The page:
According to the National Academy of Engineering, the crowning achievement of the 20th century was the electric power grid. The electric power grid is one of the most complex engineering systems we have today and affects every aspect of our modern lives; from how we eat, drink and interact with each other to how efficiently our economy moves towards a higher standard of life. There is no question on how important our electric grid is!
Knowing the above, one would think we would significantly invest in the progress of this important innovation. Unfortunately, this isn’t the case. At the recent, National Clean Energy Summit, Jesse Burst pointed out the vast improvements in our adding machines – think the calculator used in the 1950’s verses the large data farms. Or perhaps think of the phones we used in the 1950’s verses the smart phones we have today, the list could go on and on! Unfortunately, the way we receive our power today in 2011, uses the exact same technology we used in the 1950’s. Could you imagine carrying around that old, rotary telephone these days? (You can watch Jesse Burst’s presentation here)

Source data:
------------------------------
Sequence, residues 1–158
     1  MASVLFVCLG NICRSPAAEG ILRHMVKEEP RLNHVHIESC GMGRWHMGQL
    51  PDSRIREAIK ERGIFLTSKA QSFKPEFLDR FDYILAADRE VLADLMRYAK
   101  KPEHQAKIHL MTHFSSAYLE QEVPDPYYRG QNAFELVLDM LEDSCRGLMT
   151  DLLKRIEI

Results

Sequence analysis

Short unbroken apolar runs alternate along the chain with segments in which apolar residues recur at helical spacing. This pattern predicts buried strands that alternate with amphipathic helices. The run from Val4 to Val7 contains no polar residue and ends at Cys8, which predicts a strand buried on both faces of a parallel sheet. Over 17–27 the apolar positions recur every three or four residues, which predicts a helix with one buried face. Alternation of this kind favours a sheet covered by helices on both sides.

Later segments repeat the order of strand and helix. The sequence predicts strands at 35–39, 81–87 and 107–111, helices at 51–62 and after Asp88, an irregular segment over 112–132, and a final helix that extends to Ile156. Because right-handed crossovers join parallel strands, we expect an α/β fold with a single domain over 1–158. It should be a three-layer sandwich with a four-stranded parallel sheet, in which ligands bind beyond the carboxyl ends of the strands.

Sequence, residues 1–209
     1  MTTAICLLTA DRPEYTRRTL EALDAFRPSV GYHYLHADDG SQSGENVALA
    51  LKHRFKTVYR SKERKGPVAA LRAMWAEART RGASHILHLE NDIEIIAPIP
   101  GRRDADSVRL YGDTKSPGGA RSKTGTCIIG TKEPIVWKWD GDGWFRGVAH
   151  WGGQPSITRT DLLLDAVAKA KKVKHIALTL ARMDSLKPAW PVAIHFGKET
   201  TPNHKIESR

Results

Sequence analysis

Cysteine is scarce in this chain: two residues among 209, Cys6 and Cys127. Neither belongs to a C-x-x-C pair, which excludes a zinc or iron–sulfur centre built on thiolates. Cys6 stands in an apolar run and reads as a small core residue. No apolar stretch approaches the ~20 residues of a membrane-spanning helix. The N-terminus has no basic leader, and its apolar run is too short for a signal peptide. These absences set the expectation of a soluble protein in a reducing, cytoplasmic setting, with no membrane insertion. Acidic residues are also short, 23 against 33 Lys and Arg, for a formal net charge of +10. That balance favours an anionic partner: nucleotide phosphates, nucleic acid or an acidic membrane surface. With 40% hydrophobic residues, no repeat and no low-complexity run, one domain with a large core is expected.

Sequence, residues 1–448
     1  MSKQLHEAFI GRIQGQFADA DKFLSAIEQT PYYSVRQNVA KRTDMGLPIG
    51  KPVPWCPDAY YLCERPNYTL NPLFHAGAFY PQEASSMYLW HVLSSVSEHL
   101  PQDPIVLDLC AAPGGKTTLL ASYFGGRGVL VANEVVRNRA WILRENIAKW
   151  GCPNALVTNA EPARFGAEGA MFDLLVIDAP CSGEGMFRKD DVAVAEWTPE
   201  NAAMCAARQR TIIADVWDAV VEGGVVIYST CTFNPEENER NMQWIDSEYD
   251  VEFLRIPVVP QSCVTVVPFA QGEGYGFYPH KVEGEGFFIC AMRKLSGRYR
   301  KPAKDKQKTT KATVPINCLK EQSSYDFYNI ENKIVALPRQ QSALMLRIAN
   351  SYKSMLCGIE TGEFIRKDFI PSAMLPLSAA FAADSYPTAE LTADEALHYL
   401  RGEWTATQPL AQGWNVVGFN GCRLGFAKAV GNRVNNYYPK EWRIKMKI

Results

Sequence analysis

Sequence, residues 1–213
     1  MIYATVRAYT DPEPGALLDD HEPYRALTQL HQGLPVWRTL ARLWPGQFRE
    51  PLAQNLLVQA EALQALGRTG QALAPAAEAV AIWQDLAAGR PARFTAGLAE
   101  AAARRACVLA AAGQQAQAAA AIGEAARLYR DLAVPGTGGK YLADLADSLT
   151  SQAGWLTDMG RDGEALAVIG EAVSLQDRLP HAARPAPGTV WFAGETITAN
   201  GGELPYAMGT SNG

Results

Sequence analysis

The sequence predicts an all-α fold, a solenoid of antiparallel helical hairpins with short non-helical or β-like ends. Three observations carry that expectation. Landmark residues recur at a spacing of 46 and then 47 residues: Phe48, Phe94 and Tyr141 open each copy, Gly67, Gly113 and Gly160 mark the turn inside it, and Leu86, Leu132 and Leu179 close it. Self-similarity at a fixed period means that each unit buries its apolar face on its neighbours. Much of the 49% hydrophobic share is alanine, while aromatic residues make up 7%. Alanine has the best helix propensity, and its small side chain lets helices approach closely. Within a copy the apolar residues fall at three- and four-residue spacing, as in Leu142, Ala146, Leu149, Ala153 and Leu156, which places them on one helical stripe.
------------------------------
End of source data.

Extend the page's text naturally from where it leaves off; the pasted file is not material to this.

Upgrading our transmission grid can be done primarily through private investment, but will require a series of public policy fixes, including:
- Resolving the gridlock over planning, siting, and cost allocation.
- Providing incentives for the deployment of “smart grid” components.
- Taking measures to increase the physical and cyber-security of the grid.
- Providing the conditions necessary to ensure that new grid investments help lower emissions from the electricity sector.
Most of Nevada’s best renewable energy resources are located in rural areas where access to transmission lines is sorely lacking. Upgrading lines in these energy rich locations will create jobs and can power towns and cities throughout our great state. Transmission lines linking northern Nevada with southern Nevada must be built so that we can operate our two grid systems more efficiently and improve energy reliability; making our energy more affordable for all ratepayers.